In the area of early intervention, the group suggested using power consumption data from Alabama Power and delivery records from the post office to more quickly identify homes that have been abandoned. Death records and weed citations can also provide early clues. Canvasing neighborhoods may also provide useful data.
Community gardens could be a tool to develop more neighborhood pride and to get residents more engaged. Participants also suggested the city look for ways to become more active in existing community groups, such as Parent-Teacher Association meetings.
Improving access to healthcare
Access to quality and affordable healthcare is critical to the mental, physical, economic and socio-emotional well-being of those in a community, and everything from unemployment to lack of transportation can provide barriers to accessing it.
Participants in that working group stressed that the city does not need any new groups to deal with this challenge. There are already a number of groups working on the issue. Rather than creating new groups, the city needs to encourage coordination between them.
Providing internet access is one element. Birmingham’s efforts to provide city Wi-Fi can help with this, but the city does need to provide safe places for people to access it. Participants also suggested that the city look for opportunities to use data that others are already collecting, such as school data on students who are getting free meals.
Finally, they suggested Birmingham invest to increase the awareness in available services. It’s more than a marketing campaign; it’s more of a community conversation to understand what useful services people just don’t know about.
Getting people out of their cars
If someone goes anywhere in Birmingham, they almost certainly drive — by themselves. More than 85% of Alabama’s commuters travel in single-occupancy vehicles. That’s the highest rate in the country.
Participants in the breakout session suggested that the tremendous space reserved for parking lots could be turned into bike lanes or food truck areas — a change that would make the community more vibrant and livable.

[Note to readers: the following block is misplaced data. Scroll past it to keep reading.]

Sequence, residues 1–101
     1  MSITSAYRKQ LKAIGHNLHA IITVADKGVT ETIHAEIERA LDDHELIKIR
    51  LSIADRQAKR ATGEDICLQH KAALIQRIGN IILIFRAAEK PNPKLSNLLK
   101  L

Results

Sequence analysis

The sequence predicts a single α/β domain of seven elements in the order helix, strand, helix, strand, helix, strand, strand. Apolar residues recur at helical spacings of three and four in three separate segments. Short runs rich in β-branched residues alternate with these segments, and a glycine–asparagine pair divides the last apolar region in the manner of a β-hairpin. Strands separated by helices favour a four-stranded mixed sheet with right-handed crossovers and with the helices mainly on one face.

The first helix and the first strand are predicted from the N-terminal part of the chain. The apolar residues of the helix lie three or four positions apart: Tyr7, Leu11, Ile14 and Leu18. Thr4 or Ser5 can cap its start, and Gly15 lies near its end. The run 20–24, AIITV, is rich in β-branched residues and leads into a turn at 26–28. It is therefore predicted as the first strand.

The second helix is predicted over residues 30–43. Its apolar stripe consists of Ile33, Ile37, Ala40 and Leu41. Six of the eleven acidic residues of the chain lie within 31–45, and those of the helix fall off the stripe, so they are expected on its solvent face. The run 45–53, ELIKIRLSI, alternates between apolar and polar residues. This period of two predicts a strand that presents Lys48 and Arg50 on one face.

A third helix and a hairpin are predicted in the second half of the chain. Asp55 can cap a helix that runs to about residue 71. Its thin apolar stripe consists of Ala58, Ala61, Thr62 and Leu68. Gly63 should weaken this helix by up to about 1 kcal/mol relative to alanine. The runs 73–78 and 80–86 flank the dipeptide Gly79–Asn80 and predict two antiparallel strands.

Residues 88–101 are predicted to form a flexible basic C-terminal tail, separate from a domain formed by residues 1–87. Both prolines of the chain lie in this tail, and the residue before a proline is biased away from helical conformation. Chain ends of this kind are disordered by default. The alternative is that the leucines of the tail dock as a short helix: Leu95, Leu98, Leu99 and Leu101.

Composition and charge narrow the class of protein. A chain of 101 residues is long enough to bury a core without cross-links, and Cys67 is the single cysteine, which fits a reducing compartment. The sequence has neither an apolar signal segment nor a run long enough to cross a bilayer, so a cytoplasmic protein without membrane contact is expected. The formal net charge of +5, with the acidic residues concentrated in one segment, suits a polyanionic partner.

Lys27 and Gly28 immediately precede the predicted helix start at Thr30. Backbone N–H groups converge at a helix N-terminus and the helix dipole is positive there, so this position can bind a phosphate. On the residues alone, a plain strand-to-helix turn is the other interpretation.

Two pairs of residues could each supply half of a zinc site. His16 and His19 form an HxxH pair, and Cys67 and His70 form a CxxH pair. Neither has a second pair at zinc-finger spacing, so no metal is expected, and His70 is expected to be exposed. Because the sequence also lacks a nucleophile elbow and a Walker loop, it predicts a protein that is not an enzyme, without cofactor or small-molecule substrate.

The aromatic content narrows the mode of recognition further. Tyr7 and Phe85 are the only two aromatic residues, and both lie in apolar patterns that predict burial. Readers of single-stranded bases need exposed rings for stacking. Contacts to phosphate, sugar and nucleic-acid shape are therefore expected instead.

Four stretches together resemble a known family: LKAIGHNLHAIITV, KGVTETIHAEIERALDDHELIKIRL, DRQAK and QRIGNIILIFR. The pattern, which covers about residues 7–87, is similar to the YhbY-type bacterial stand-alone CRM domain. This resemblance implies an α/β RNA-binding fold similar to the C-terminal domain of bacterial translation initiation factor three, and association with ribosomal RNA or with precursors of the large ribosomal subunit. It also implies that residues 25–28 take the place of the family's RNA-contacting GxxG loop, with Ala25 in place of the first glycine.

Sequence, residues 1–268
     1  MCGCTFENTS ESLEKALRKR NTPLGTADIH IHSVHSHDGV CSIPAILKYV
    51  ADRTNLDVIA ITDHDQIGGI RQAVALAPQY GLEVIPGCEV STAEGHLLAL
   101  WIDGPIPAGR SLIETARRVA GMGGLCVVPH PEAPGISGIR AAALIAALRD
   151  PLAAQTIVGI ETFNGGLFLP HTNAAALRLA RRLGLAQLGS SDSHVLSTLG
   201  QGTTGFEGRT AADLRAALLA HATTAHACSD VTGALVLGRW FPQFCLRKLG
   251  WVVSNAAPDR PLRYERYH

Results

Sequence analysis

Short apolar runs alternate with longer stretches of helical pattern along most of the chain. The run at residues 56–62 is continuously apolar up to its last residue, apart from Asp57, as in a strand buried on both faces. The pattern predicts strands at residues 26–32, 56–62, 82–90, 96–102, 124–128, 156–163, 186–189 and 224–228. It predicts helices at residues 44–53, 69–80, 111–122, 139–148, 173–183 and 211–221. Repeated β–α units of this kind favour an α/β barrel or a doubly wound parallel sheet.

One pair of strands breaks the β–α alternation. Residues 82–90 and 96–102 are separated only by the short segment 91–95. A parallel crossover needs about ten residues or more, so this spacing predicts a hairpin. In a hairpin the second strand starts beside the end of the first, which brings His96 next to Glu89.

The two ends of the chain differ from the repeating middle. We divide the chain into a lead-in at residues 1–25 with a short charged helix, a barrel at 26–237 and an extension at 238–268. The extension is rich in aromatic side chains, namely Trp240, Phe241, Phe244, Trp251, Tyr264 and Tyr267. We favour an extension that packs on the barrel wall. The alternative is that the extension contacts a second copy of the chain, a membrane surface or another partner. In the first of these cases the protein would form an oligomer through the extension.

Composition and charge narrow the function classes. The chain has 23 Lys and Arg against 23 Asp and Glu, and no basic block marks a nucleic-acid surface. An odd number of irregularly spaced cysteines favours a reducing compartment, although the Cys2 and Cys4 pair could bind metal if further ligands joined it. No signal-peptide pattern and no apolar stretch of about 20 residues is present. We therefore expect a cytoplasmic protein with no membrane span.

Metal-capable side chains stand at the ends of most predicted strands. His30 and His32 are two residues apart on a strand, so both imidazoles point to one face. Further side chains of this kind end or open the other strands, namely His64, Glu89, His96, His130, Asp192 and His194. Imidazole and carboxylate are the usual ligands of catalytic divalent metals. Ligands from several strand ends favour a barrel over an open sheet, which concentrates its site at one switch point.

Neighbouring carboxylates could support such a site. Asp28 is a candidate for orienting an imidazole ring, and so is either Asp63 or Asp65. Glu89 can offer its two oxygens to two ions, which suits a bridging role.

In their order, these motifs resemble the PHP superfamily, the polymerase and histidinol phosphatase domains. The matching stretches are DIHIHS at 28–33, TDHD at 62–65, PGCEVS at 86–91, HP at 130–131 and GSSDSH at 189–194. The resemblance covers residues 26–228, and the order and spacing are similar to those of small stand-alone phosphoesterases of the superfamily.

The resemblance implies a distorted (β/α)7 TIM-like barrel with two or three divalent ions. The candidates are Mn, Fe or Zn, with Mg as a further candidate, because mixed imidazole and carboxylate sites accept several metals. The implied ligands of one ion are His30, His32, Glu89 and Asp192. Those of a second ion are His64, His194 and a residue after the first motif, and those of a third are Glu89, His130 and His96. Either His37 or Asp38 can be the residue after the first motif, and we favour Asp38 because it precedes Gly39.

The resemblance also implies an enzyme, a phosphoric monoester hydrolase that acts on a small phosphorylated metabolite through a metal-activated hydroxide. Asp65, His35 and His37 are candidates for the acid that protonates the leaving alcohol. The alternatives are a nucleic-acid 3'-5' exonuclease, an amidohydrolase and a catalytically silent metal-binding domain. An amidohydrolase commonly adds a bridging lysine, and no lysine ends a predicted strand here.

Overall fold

To get people out of their cars, participants suggested the city work to link parking tickets to vehicle registration so that people would have to pay their parking tickets to renew their license tabs. They also suggested Birmingham look at modernizing parking meters to charge motorists what the space is actually worth.
Another suggestion involved using data and real-time information from parking meters to send parking enforcement officers to areas where there are current parking violations or the most chronic problems.
Improving transportation safety
Birmingham ranks 19th in the U.S. for the most pedestrian fatalities. Participants in that break-out session suggested the city may be able to get grants to tackle the problem.
They also identified that data quality is one of the issues that’s preventing more concrete action to identify and address the underlying causes of the accidents. There are a number of disparate data sets that need to be connected. State transportation workers and city police officers could also benefit from training so that their data are standardized, allowing for richer analysis.
Making the public safer
Birmingham’s Readiness Workshop included a second day devoted to public safety. One of the key takeaways in a breakout panel was an understanding of an opportunity to allow citizens to play a role in helping to police the communities.
The city is exploring a Citizens on Patrol program. An earlier incarnation of the program had citizen volunteers drive through neighborhoods, talking to business owners and even checking on houses where the owners were on vacation.
Following the workshop, the Council will be working with the city to develop a Readiness Roadmap that helps turn some of the opportunities uncovered during the workshop into next steps. For its part, Birmingham also sees the workshop as a day that resulted in deeper relationships between the various stakeholders in the community — relationships that will help drive progress on an ongoing basis.
“This is the beginning of what we hope is a process of answering questions together as a partnership,” said Birmingham’s Director of Innovation and Economic Opportunity, Josh Carpenter. “The Smart Cities Framework, if anything, is a way that cities can solve problems together, to bring lots of folks into the conversation who have different perspectives to help us solve problems.”